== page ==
Funerals Held for Six Slain Soldiers As Israel Vows Killers Will Be Caught
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Funerals Held for Six Slain Soldiers As Israel Vows Killers Will Be Caught

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Six Israeli soldiers were buried in military ceremonies in their hometowns Monday after falling victim to terrorist action on Sunday.

News reports said Israel bombarded Lebanese targets of the pro-Iranian group Hezbollah in retaliation for a terror operation Sunday that killed five soldiers and wounded five more, four of them seriously. The killings occurred in the Israeli-controlled security zone.

A sixth soldier was shot and killed the same day by an armed Palestinian while standing guard on a rooftop outlook post in the West Bank town of Hebron, near the Tomb of the Patriarchs. The victim was 1st Sgt. Shmuel Gersh, 32, a reservist from Rishon le-Zion.

The Hebron attack resulted in the wounding of a second soldier, who was hit when a gunman fired automatic bursts from an alley and escaped in a waiting car. The army imposed a curfew on the city in a search for the killer.

No sooner had the six soldiers been buried Thursday than there were reports of another terrorist incident in the West Bank, this one involving the firebombing of a car driven by a Jewish farmer from Moshav Yarhiv.

The farmer, Binyamin Golan, 35, was seriously wounded in the attack, which occurred near the Arab village of Habla, just south of Kalkilya. Golan, who had been driving two of his workers home, was taken to Beilinson Hospital in Petach Tikvah, where he was treated for burns to his face.

In the operation in Lebanon, terrorists detonated by remote control a bomb placed at the side of a road in the eastern sector of the buffer zone, near Kawkabeh village. It exploded near a troop-carrying truck that was bringing up the rear of a supply convoy of seven vehicles.

The roadside bomb was set off as a so-called “safari” truck passed a curve in the road about 200 yards from a post usually protected by Norwegian troops of the United Nations Interim Force in Lebanon. But the post was unoccupied Sunday for reasons that are not yet clear.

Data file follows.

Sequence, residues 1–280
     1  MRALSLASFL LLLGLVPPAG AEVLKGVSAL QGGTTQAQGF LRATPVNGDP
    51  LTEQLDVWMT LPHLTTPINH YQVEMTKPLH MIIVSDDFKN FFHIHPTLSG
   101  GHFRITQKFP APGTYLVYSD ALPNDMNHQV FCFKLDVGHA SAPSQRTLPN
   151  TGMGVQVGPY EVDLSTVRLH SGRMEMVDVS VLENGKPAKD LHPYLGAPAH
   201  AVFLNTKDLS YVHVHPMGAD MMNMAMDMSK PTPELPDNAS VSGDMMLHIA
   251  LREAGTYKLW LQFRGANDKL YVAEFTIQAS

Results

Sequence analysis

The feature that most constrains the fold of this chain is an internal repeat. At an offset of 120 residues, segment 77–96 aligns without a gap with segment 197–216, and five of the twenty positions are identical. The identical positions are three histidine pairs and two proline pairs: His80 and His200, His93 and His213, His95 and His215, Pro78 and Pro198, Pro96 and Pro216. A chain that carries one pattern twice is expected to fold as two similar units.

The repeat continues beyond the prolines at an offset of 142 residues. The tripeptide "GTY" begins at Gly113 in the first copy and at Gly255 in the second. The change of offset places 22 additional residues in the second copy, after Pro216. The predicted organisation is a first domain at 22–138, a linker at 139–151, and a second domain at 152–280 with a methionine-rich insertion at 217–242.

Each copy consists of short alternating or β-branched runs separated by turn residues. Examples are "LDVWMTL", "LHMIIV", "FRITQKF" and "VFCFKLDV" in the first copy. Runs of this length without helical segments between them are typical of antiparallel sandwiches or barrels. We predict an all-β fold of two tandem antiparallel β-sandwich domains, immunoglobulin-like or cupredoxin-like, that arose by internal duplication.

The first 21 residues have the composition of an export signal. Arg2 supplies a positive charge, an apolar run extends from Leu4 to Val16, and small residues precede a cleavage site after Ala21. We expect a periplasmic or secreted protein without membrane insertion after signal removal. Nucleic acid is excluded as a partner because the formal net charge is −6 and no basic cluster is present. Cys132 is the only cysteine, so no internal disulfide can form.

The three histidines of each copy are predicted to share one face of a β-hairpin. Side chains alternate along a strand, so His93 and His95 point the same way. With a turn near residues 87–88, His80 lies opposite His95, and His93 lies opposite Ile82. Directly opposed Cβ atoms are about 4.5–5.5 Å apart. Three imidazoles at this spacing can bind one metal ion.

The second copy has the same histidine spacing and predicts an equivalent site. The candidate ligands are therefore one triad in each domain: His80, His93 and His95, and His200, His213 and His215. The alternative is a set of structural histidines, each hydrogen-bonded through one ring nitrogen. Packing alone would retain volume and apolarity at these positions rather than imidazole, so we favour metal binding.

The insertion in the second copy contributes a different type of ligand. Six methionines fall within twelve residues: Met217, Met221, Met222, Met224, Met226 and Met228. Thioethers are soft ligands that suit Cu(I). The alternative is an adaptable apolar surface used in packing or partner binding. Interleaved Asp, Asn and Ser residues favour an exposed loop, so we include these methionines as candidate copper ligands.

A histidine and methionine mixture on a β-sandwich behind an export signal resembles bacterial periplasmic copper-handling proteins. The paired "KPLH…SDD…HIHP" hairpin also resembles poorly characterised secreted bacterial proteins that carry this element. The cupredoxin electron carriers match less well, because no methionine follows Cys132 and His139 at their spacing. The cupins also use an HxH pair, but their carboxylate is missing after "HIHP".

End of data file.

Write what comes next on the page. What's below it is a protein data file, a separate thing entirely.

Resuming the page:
It was detonated by one or more men who slipped past the UNIFIL post after passing through areas controlled by the Lebanese army south of the Bekaa Valley.

The road had been swept for mines and bombs by a security unit in the morning, and several other convoys had traveled over it prior to the attack.

The blast impacted on an open-sided truck with two rows of seats facing outward to afford troops a clear field of any firepower that might come from either side. The vehicle gets its name because of its similarity to vehicles that carry tourists on African safaris.

Responsibility for the blast was claimed by Hezbollah, which has recently stepped up operations against Israeli and allied South Lebanon Army troops in the border security zone.

The Moslem fundamentalist terrorists have demonstrated increasing organizational and technical skill in recent months, analysts say.

Israel carried out an intensive artillery bombardment of Hezbollah targets north of the security zone Monday afternoon and evening, while Israeli air force planes and helicopters patrolled wide areas of Lebanon, reports said.

Hezbollah leaders and many local residents earlier fled their homes to escape what they regarded as an inevitable Israeli response.

The Israeli chief of staff made a visit Monday to the scene of Sunday’s attack and said that Hezbollah bore the main responsibility for the incident and would not go unpunished.

But responsibility also lay with the Lebanese and Syrian governments, said Lt. Gen. Ehud Barak.

Lebanon had failed to disarm Hezbollah, as it had other terror groups, said Barak. And Syria controls the areas where the Hezbollah is based and allows Iranian arms to reach its ranks.

The soldiers killed in the Lebanon attack have been identified as 2nd Lt. Eran Shoham, 21, of Kochav Yair; Cpl. Niv Amouyal, 19, of Hatzeva, in the Arava; Sgt. Assaf Golan, 19, of Yishai, near Bet Shemesh; Sgt. Avraham Asoulin, 20, of Acre; and Cpl. Sirhan Wassam, 20, of Rama, a Bedouin town in the Negev.

(Contributing to this report was JTA correspondent Gil Sedan in Jerusalem.)

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